Look for the Good in Every Situation This sounds cheesy, I know, but a lot of times travel doesn’t go according to plan, even if your expectations are in check. You showed up to a hostel hoping to socialize, but it turns out you’re the only one there. Screw it. Enjoy the fact you have the place to yourself, take the best bunk and walk around the dorm naked (if that’s your thing) because you know there will be a time when you’ll be in one with way too many people. You wanted to go sightseeing but it’s pissing rain? Great! Now you can have a guilt-free day laying in bed, streaming movies and catching up with people back home. It won’t work for every situation, but you’d be surprised just how often it does.

Say Hello

images (1)I don’t know you. I don’t know anything about you or your life. But I will make a huge wager that the vast majority of your friendships and most of the good conversation you’ve ever had have started the with the word “Hello.” And since you can never predict who will make a good friend or who will give you a good conversation, just suck it up and say, “Hi.”

Don’t Forget Small Towns

Big cities often get all the attention, and sure, there are a few famous sights in a few small towns, but those towns invariable become touristy. However, small towns off the beaten track have consistently been some of the best places I have visited, hands down. The pace is slower, the people are nicer and the vibe more welcoming. Times all this by ten if it’s a small college town. Well, in a college town, the pace might pick up a lot at night.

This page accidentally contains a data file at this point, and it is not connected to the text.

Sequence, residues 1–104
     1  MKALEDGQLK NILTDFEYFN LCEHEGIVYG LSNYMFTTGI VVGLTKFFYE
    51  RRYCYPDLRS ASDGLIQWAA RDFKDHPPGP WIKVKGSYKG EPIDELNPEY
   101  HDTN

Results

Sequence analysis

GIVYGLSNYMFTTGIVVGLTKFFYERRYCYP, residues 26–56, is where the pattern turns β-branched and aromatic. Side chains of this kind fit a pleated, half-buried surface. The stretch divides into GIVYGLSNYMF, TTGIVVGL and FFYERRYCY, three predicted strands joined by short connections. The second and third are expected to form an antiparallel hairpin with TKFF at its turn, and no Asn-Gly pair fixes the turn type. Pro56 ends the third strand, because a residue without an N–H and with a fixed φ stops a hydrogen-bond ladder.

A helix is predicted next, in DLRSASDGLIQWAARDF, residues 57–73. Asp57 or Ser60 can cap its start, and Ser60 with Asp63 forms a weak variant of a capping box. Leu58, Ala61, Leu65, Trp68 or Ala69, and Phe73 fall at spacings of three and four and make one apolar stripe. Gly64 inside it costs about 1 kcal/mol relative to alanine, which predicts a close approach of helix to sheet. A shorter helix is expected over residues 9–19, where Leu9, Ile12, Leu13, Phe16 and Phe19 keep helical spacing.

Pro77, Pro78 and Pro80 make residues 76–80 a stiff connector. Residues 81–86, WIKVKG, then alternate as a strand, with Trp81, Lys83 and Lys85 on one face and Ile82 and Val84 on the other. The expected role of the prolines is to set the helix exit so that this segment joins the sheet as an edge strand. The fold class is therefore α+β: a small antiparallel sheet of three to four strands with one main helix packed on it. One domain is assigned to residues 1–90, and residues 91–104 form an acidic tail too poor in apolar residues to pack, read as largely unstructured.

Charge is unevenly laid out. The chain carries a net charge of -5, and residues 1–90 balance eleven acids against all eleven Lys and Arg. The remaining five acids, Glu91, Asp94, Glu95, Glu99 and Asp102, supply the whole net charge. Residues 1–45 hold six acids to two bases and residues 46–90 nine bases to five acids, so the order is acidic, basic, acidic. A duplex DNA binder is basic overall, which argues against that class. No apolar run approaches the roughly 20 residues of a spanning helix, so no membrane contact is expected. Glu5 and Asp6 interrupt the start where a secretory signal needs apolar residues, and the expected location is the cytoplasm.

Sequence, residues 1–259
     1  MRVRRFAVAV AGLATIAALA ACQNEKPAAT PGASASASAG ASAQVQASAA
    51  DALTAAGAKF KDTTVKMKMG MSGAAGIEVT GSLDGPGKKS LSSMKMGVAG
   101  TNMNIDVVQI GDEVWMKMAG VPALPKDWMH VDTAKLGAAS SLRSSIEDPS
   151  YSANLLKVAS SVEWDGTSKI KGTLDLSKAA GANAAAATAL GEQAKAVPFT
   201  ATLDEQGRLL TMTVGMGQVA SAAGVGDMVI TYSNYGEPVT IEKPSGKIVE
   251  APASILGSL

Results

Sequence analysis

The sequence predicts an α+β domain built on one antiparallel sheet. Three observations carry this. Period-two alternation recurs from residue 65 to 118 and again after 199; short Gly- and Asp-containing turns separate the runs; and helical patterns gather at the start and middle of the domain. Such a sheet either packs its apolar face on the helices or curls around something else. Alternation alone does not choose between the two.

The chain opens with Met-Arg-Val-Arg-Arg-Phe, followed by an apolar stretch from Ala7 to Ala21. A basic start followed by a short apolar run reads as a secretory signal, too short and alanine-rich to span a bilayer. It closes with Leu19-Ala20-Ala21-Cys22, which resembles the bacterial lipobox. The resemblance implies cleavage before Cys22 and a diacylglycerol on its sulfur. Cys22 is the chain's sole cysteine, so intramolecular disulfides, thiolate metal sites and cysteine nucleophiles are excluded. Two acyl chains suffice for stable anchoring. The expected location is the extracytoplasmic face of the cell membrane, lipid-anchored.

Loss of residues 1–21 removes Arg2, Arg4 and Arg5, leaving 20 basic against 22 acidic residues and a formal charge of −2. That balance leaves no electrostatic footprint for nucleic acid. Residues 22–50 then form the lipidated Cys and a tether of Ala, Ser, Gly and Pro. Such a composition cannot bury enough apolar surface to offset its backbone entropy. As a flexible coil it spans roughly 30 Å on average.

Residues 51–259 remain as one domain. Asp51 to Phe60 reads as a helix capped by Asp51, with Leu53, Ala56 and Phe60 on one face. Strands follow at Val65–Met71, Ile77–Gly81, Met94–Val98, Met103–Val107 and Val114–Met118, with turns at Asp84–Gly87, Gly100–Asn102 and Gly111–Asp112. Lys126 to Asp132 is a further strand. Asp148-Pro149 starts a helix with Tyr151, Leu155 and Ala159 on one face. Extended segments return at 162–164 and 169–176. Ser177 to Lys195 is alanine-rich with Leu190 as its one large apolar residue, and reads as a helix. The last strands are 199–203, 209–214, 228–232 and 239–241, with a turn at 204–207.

Don’t Mentally Check Out Just Because Your Trip is Coming to an End

Admittedly, this is the one I still struggle with the most. It’s hard to get towards the end of a trip and keep finding the energy to invest in meeting new people. And it sucks to sit and listen to people planning their next move while you know yours is to the nearest airport to go home. However, as my most recent trip showed me, you cannot time or predict when an important friendship or conversation will occur. And if I had been checked out and hadn’t said, “Hi,” one of the most important conversations of my life wouldn’t have happened.

Brian M. Williams
Brian is the author of the recently published travel memoir "Stranger in a Stranger Land: My Six Years in Korea." (Click this profile for more information.) He's also a law school grad with Southern charm and Virginia roots. He recently returned to America after nearly seven years traveling and working abroad. He loves dive bars, international travel and foreign accents. He's particularly good at small talk and was the first person to notice there's no "I" in "team."

Leave a Reply